In a mostly strong cast, a couple of other performances stood out. Nathan Johnson was a suitably over-proud Prince of Morocco, but he so beautifully and genuinely praised Portia and carried an air of naiveté about him—and he was so friggin’ funny—some audience members afterward admitted they were rooting for him to choose the right casket (and given Johnson’s gentle demeanor, Portia’s follow-up line about his complexion was truly racist, even in this telling—how much more impact when our laughter turns on a line to self-reflection). Playing Launcelot Gobbo was Matthew Pauli, a graduate of the Ringling Bros. and Barnum & Bailey Clown College. He presented a remarkable fiend-versus-conscience routine as only a true clown trained in mime could, changing the wear of his hat, his body posture, and the expression of his voice and face as he switched personas from Gobbo to fiend to conscience and back through. He also established such a strong rapport with Jessica, played with a genuine sweetness by Teresa Spencer, that the only fault I found with this production was that it cut their scene in which Gobbo argues that Jessica is eternally damned. I accept it was a cut for time, one that didn’t impact the rest of the play, but I would have loved to see Pauli and Spencer spar in that scene.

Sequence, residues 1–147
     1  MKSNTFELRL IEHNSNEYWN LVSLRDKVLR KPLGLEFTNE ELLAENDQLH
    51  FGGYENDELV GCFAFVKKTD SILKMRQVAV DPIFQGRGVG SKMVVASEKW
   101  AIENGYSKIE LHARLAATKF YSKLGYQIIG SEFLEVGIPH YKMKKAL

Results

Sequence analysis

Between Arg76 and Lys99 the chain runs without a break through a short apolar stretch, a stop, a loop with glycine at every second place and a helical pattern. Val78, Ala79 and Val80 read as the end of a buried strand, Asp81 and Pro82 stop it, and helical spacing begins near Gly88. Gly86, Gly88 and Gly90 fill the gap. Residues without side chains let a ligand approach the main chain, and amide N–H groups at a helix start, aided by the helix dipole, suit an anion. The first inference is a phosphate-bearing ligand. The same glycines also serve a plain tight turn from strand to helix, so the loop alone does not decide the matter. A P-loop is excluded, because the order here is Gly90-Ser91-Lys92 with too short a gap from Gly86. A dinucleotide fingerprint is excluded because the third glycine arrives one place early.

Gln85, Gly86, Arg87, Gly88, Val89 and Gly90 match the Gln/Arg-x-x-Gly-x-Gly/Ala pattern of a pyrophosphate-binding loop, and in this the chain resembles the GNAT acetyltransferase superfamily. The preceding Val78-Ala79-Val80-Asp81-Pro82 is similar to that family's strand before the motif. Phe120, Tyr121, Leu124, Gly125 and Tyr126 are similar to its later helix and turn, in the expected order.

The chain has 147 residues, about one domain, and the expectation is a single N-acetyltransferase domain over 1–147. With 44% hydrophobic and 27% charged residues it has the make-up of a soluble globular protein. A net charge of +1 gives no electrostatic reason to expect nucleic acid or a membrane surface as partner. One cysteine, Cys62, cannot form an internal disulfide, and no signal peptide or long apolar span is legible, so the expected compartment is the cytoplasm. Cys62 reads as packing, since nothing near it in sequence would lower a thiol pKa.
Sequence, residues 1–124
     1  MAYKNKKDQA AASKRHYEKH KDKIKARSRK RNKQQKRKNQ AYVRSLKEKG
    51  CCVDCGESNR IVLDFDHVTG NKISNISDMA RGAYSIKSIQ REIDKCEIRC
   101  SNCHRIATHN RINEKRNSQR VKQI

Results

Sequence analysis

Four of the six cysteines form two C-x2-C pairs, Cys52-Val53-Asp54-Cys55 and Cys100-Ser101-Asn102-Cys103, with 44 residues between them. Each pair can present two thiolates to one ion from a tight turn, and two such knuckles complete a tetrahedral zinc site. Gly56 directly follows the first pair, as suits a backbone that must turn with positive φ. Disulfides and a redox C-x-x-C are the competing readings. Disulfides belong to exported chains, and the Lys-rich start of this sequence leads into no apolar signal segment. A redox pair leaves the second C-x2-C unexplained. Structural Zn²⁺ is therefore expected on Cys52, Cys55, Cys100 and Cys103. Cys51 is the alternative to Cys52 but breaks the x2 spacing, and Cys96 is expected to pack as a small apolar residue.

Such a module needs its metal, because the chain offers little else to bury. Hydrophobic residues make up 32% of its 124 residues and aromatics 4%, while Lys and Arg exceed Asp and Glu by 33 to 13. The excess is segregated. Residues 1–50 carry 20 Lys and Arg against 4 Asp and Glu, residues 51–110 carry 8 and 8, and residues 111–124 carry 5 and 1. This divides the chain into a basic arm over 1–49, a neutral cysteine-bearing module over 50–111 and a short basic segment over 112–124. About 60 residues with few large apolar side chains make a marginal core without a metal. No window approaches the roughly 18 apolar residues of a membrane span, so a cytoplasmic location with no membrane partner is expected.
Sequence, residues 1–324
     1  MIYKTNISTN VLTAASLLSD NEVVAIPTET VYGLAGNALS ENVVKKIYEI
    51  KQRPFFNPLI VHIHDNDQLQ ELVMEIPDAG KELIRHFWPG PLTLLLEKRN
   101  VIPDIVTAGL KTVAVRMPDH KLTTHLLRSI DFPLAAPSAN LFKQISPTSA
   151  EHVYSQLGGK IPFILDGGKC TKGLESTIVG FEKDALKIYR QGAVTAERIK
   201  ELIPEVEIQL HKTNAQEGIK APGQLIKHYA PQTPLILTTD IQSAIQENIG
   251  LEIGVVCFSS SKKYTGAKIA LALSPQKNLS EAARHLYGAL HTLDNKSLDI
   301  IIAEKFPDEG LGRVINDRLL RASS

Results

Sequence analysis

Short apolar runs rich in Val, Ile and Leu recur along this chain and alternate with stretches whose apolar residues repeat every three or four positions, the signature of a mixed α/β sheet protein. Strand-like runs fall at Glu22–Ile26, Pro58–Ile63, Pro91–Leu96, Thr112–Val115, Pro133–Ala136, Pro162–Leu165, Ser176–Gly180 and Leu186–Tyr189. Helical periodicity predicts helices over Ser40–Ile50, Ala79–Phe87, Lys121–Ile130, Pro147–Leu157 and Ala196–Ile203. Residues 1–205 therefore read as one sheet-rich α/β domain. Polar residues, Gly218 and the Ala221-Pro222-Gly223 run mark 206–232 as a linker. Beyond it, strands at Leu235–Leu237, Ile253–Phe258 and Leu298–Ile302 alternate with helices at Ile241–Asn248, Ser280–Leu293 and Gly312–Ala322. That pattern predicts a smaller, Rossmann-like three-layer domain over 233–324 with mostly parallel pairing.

Hard for me to believe: here was a Merchant of Venice I couldn’t get enough of. This play has understandably undergone a new incarnation in our post-Holocaust world, but still I’ve always wanted to see how it would play as a straight comedy. After all, the title of the first published edition in 1600 is The Comical History of the Merchant of Venice, or Otherwise Called the Jew of Venice. In that title, Shakespeare was not only pointing out that this is a comedy, he was pointing to Shylock’s value to the play’s overall scope (even if this title was not his own, it was a product of his company and reflected the play’s selling points). In the past 50 years, this has become a play produced by directors with axes to grind and actors with prizes to fetch. How fresh, then, to see a production with no director and with actors whose only two goals were to present Shakespeare’s play as written and to entertain their audience. And this audience loved it. A lot.

Eric Minton
March 29, 2012

Comment: e-mail

Start a discussion in the Bardroom